The Corvette Sports Car Guide
When most people hear the world “Corvette,” they immediately picture a stylish, expensive sports car, and for good reason. The Chevrolet Corvette, which was first introduced back in 1953, is one of the world’s most easily recognizable and loved cars. These cars are known for being small, fast, and easy to drive and have even been used as pace cars in the Indianapolis 500 several times over for these reasons. While Corvettes are usually associated with rich, powerful men and beautiful, young women, they are actually driven by all different kinds of people. Six different Corvette models or “generations” have been made, and each one is a little bit different (and some say better!) than the last.
As you can imagine, the Corvette has a long and rich history. In the early 1950s, its world-famous manufacturer, General Motors, was one of the largest and richest companies in the entire world. Though General Motors had a lot of power and had introduced many different vehicles of its own, it was not known for “sporty” type vehicles. All that would change with Harley J. Earl, the chief designer for General Motors. Once he began working with co-worker Robert F. McLean, his idea for a stylish but easy to maneuver sports car would come to life. While the two designers only intended to show the first Corvette, which was made very cheaply, at a 1953 Motorama exhibit and had no intentions to sell it, which was not how things turned out. Ed Cole, the chief engineer of General Motors, fell in love with the car on the spot and ordered it to be put into production. This was a smart move, since many who came to the auto show loved the car as well and desperately wanted to own one!
The first Corvette models, which fall under the C1 Generation, were, for the most part, well-received by the public. The original models did not have a cheap price tag; they cost a whopping $3,498 but still sold widely. The original models, which were produced from 1953 to 1962 were not nearly as powerful as today’s, but they did begin the trend of owning sleek, sporty cars and, more importantly, paved the way for the models that were to come. The C2 generation Corvettes followed and were only produced from 1963 to 1967. Then came the long production of C3 Corvettes from 1968 to 1982. The Corvette underwent many transformations during this period and began to more closely resemble the car we know and love today. It was during this period that the Corvette adopted its classic “curvy” design. The only year that a C3 generation Corvette was not produced was 1983, and that’s because General Motors planned to discontinue the model. Fortunately, consumers protested and the C4 generation was born in 1984 and continued being produced throughout 1996. It was during this time that computer technology, which still exists in the Corvettes of today, was added in. Following a brief C5 generation from 1997 to 2004, the current models being produced fall under the C6 classification, and feature the most horsepower of any of the models. These models are all well known for their torque and their incredible handling, features that have become trademarks of the Corvette name. The C7 model is currently being worked on with plans for it to be released in the 2014 model year.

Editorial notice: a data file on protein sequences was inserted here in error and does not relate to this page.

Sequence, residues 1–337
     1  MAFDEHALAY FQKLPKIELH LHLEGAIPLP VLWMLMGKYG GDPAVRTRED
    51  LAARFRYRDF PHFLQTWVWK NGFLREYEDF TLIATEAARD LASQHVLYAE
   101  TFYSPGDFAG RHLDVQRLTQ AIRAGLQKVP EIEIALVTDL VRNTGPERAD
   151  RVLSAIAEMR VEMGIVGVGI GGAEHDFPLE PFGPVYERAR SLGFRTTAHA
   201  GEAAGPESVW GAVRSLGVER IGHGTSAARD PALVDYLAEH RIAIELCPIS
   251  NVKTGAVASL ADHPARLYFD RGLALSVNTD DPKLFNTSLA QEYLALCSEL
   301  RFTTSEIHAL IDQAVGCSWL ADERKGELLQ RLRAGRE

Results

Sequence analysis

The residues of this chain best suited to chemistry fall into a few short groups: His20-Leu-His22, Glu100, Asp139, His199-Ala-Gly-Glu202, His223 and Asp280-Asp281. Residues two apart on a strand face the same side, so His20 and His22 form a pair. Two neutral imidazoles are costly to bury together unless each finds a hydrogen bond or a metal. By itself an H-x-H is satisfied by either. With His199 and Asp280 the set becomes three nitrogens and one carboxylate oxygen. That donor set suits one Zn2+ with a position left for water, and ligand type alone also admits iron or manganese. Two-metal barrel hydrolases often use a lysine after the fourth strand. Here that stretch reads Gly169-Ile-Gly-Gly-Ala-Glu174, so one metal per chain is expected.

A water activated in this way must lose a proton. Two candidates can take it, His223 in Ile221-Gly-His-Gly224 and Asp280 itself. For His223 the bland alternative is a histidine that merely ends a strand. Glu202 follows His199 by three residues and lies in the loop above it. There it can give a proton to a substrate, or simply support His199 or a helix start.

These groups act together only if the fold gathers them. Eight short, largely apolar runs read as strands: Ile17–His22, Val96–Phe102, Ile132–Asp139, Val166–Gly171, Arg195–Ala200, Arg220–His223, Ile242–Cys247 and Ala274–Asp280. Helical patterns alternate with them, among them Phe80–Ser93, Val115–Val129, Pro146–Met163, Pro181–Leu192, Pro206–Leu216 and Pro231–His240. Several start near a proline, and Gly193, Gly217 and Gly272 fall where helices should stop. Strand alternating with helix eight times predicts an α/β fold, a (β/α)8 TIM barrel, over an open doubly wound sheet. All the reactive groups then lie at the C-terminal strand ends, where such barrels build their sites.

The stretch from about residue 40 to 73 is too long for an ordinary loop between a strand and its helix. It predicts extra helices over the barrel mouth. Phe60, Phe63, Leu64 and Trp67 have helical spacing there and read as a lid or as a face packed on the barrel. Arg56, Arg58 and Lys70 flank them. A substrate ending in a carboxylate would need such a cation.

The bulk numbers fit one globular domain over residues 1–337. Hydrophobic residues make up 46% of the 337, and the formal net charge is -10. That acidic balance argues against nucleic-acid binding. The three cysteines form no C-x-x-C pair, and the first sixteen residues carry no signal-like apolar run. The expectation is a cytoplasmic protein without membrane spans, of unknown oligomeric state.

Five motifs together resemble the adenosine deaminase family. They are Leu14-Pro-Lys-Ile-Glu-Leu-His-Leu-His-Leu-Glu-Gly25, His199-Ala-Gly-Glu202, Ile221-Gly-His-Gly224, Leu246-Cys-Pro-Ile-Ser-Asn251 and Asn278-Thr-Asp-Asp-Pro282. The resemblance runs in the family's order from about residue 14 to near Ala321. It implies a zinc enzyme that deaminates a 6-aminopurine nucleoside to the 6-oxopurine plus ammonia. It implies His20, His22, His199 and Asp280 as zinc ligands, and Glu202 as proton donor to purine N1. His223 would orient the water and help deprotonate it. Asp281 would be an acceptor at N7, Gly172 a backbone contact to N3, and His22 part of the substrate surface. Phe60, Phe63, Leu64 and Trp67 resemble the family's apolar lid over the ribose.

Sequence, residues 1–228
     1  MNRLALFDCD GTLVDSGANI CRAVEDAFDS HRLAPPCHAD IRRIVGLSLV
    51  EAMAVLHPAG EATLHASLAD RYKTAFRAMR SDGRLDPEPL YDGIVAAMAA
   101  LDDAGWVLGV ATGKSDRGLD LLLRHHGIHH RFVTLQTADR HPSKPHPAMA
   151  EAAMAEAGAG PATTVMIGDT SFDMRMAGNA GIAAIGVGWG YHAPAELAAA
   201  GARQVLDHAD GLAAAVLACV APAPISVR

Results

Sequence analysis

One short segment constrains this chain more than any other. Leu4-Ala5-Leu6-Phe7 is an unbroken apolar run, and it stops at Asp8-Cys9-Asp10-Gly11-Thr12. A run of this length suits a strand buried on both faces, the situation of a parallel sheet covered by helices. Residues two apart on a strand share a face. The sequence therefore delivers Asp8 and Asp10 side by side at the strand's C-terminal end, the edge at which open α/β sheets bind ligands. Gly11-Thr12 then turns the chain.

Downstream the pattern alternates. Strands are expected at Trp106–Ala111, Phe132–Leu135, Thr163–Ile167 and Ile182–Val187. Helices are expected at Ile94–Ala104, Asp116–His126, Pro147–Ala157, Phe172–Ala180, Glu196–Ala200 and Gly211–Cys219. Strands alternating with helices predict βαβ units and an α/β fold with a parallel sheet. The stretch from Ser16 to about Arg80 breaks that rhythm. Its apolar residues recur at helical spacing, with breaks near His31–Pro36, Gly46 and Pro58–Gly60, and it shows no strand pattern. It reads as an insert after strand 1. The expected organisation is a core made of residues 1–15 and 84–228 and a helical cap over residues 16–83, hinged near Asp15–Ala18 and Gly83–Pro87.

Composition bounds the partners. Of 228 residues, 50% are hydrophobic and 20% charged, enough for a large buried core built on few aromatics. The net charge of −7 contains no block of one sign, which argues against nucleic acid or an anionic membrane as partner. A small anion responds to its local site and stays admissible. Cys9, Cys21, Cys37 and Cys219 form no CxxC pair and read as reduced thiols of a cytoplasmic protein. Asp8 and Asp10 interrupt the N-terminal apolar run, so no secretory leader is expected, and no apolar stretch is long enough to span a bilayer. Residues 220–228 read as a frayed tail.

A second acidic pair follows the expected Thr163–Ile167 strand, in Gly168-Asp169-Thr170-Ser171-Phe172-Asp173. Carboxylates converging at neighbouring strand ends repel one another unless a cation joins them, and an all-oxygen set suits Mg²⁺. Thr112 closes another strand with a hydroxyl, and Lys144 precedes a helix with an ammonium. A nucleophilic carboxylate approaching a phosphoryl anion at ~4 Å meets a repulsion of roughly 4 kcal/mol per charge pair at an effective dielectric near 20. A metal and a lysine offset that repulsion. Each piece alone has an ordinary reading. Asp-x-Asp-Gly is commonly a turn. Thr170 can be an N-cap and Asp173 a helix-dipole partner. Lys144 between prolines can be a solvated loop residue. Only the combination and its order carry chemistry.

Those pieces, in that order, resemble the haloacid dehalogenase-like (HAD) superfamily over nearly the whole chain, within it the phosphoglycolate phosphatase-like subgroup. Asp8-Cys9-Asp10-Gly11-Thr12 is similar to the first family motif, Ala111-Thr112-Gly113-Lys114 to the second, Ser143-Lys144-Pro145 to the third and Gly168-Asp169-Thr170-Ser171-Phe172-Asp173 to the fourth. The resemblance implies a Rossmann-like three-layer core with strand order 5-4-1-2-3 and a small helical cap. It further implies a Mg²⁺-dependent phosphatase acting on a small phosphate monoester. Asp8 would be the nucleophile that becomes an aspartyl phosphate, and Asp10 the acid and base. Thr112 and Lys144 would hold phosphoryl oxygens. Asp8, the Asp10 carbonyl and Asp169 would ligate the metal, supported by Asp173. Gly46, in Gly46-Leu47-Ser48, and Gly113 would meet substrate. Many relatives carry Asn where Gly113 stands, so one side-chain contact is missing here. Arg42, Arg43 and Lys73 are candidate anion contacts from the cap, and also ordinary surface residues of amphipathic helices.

As you can see, the Corvette has undergone many changes since its introduction back in 1953. One thing that hasn’t changed, however, is the fact that people the world over know, love and desire these vehicles. It seems that no matter what the cost, the Corvette will always be a must-have for many drivers. Fortunately, General Motors is dedicated to creating Corvette models that change and grow along with the times and the people who live in those times. Today, these cars are built in Bowling Green, Kentucky and are sold to excited buyers from all across the globe. Because the cars have only been produced in two other locations throughout their entire history—Flint, Michigan and St. Louis, Missouri—they truly can be considered an American icon.
You can learn more about the Corvette from these organizations:
- The National Corvette Museum
- The National Council of Corvette Clubs Incorporated
- The Corvette Club of America
- The National Corvette Restorer’s Society
- The United Council of Corvette Clubs
- National Corvette Homecoming
- Last Caravan Corvette Club
- Vets with Vettes and Corvette Owners
- Solid Axle Corvette Club
- Corvettes Anonymous
- National Afro-American Corvette Club
- Corvette Expo
- Corvette Sting Ray
- The National Corvette Owners’ Association
- International Council of Corvette Clubs